“The Changeling”, a challenge to stage & witness Reply

Review by Danny & Terry Gaisin
            The seventeenth century play THE CHANGELING by Middleton & Rowley is arduous to stage, difficult to perform and grueling to watch. Despite the foregoing and being dated, Changeling is still popular enough for TV repetitions; radio broadcasts and – of course -stage representations. Stratford’s (& always SHAW’s) Jackie Maxwell has re-dated it to the pre-WWII practice-session Guerra civil- the Spanish Civil War. However, neither Franco’s right-wing forces nor the Falangists, anarchists, Fascist or Nazis involved in the struggle would have incorporated ‘thou’s or ‘maiden’ references into their vocabulary, even their Spanish substitute. So, time & lines seem anachronistic.

another on-stage tense dialogue moment in “THE CHANGELING

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“HMS Pinafore” – all the ‘♫Whys & Wherefores ♫’ 1

Review by Danny & Terry Gaisin

The first time we saw Gilbert & Sullivan’s 1881 operetta ‘HMS PINAFORE’, it was presented by a community theatre group that considered the lyrics remedial for folks with some speech challenges, and certainly singing was more fun than reciting tongue-twisters! The play has a strong but subtle message and denigrates ingrained British snobbism and oligarchic political attainment (think today’s White House). Stratford’s Lezlie Wade meticulously underscores the play’s comedic bent with impacting visual images; a creative and functional set, plus acute physical activity. Her choreographic utilization of the set’s two curved staircases will remind older individuals of the Busby Berkeley routines from the late fifties.

Admiral Laurie Murdoch chastising Captain Steve Ross before the crew & all those sisters/cousins/aunts!

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“TWELFTH NIGHT”, a convoluted five-some affair. Reply

Review by Danny Gaisin
            Shakespeare’s four century-old comedy still manages to interest audiences and undergoes innumerable incarnations…even at Stratford. Folks still remember the musical version with Brian Dennehy as ‘Toby’. The present version also has music and sung dialogue with accentuation via bell-like crystal emphasis which is occasionally aurally hurtful. The major plot deals with separated siblings and a necessitated transsexual disguise. She; as a he, loves her boss – a duke; he adores a countess who falls for the girl thinking she’s a male, and finally, the villain of the piece, aptly named Malvolio. For our viewing, the intricacies were exacerbated by five casting replacements.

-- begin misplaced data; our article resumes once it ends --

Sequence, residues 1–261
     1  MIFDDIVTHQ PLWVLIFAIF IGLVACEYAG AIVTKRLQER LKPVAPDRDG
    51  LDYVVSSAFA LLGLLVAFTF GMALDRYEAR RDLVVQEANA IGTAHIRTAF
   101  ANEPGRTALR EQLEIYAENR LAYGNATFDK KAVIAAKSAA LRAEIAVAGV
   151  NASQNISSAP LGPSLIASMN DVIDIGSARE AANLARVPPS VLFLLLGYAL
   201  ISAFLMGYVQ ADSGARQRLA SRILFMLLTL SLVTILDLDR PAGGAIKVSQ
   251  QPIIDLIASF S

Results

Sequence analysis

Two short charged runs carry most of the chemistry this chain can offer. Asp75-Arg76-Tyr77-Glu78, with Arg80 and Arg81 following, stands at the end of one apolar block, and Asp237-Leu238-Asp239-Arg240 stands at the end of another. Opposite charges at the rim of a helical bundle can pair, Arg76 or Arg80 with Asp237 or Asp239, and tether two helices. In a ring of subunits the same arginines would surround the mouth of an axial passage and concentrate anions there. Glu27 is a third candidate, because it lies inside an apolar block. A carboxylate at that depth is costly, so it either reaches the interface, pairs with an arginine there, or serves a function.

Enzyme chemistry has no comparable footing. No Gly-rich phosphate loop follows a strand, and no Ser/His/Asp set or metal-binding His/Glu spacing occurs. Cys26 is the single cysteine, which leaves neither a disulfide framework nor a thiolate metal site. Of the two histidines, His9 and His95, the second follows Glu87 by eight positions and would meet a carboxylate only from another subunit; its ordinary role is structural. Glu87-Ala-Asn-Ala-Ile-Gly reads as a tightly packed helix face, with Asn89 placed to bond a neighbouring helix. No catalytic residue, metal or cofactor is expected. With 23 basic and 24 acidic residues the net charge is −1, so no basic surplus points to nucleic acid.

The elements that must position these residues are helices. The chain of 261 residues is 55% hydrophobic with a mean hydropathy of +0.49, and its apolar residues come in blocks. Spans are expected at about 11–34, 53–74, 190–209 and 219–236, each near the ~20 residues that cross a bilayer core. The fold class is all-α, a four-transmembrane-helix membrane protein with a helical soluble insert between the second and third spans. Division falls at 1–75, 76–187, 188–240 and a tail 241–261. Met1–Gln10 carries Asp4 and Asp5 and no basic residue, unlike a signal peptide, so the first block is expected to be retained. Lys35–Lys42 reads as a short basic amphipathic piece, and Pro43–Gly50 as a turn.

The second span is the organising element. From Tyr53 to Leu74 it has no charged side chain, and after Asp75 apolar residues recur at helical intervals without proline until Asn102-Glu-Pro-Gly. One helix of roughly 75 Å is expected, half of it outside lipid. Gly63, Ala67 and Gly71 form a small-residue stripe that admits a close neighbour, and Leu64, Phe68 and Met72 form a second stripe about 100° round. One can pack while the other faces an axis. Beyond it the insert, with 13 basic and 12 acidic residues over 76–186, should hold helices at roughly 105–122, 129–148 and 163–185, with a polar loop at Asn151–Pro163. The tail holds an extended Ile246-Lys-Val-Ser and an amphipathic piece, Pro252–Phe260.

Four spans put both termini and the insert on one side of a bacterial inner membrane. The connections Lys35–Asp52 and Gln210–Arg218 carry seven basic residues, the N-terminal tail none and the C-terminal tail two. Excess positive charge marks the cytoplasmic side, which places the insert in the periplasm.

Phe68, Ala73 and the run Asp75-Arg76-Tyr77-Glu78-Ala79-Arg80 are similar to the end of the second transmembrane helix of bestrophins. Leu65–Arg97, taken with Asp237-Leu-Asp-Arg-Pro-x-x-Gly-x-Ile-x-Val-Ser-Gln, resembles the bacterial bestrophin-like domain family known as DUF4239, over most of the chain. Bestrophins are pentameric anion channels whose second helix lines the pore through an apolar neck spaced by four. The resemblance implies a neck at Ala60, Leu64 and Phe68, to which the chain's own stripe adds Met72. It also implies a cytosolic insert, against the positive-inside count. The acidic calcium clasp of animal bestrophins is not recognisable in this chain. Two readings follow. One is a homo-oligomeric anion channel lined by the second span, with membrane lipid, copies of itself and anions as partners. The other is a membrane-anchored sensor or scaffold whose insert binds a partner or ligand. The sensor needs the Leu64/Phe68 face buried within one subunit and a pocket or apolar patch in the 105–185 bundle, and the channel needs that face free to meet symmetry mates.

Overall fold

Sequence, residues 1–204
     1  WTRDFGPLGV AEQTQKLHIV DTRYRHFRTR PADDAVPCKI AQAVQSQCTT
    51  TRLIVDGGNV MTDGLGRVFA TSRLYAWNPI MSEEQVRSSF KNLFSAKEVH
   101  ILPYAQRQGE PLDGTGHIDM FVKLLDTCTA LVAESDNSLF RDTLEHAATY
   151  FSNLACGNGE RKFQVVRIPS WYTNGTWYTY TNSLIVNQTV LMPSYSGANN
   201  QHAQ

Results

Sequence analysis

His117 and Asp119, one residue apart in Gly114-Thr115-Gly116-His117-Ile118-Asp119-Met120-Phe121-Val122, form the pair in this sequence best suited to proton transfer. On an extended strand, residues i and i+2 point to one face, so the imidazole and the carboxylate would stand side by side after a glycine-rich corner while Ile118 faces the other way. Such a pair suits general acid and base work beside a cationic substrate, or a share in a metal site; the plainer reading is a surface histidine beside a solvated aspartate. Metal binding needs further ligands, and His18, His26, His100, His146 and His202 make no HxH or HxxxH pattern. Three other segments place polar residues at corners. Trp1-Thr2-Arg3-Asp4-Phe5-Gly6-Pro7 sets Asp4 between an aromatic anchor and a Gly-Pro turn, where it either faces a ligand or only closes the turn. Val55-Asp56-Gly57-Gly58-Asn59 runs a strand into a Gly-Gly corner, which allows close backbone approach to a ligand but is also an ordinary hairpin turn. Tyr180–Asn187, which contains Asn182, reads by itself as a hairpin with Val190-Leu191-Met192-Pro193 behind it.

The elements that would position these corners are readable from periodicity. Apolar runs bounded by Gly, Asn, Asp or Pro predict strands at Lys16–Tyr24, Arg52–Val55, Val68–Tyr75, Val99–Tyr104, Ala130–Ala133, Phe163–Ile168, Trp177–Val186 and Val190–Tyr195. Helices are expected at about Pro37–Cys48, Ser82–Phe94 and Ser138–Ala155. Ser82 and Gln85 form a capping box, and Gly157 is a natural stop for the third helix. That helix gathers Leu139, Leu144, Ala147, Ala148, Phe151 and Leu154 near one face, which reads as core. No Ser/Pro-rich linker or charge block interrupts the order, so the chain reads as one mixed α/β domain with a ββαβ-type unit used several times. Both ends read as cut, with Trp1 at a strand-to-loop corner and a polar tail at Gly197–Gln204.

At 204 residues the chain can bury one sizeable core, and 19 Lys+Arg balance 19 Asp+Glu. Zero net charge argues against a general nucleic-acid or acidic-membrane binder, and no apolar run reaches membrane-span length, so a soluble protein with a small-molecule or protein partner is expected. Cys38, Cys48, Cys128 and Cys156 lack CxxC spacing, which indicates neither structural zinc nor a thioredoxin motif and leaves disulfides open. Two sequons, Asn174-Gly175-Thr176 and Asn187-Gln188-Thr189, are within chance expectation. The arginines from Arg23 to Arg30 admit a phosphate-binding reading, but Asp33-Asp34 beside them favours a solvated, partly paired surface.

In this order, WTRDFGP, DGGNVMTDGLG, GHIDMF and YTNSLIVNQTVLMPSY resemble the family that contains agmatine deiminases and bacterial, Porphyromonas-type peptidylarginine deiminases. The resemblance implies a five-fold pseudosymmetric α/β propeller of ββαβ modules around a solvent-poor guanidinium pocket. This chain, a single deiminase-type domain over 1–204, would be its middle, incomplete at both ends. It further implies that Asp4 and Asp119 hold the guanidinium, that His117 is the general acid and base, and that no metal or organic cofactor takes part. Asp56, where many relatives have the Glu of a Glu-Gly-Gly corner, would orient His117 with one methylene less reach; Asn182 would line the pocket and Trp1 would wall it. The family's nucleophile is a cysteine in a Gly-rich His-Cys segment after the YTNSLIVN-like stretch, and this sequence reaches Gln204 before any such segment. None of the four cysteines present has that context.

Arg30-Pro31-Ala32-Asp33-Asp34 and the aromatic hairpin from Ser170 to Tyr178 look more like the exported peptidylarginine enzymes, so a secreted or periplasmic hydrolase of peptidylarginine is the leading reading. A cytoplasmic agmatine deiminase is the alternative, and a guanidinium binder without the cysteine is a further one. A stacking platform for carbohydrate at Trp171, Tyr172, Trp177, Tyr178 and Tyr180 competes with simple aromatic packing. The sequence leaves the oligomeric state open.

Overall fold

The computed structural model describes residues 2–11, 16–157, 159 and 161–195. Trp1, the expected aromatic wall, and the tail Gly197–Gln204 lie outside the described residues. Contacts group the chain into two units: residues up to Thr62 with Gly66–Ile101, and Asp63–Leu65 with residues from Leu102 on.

E.B. Smith & Sarah Afful arguing before Shannon Taylor & other cast members

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“♫GUYS & DOLLS ♪” an almost perfect Stratford musical Reply

Review by Danny Gaisin

Frank Loesser’s interpretation of a couple of Damon Runyon short stories has become a Broadway standard. Every song of the show’s twenty is not only memorable but sing-able even out of context. Under Donna Feore’s direction & her choreography; “♫ it’s better than even money ” that folks will remember it fondly for years to come…we certainly will and I’ve lost count of the times we’ve seen it.
The two plots deal first with a hustler, his illegal crap game, and his long-suffering showgirl fiancée. The other story is about a gambler and a Salvation Army-type naif. The support characters are just that –  Characters!
All  our published Stratford photos by Cylla von Tiedemann

Steve Ross ‘nicely-nicely’ exhorting the gamblers to “sit down, SIT DOWN, they’re rocking the Boat”

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“Toronto FRINGE 2017” – truncated Reply

Review by Danny Gaisin  (7/17/17)

For the past decade, The ARTS REVIEW has endeavored to cover at least ten percent of the ‘TorFringe’ offerings; using our own protocols or selection process to choose presentational offerings. Alas, the caprices that accompany the aging process have made it too onerous for us to undertake such a large task. Standing, waiting and travel distance have become arduous. However, we DID manage a day’s worth of ‘fringing’. God, & nature willing; we’ll do a better job in 2018 for the thirtieth Festival anniversary. Here’s our impressions on 3 closing-day performances.

A idealistic portrayal of Algonquin – NOT by the “Group of Seven”

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“Vimy” captures fractured Canadian psyche Reply

Review by Judith Robinson
Soulpepper’s production of Vern Thiessen’s play, Vimy, is about conflict – not just the one referred to in the play’s title between the Allied powers (Canada, Great Britain, France) against the Central (Germany, Austria-Hungary, Ottoman Empire) during WWI. There are almost too many conflicts in this play for the audience to digest – French versus English – gay versus straight – Indigenous versus Caucasian. The list is endless. The question is can all of these issues be navigated effectively in one production? Although only one of many story lines, the Anglophone/Francophone conflict at The Front was by far the most compelling.

The famous Vimy battle scene painted by Richard Jack, April 9/12th 1917

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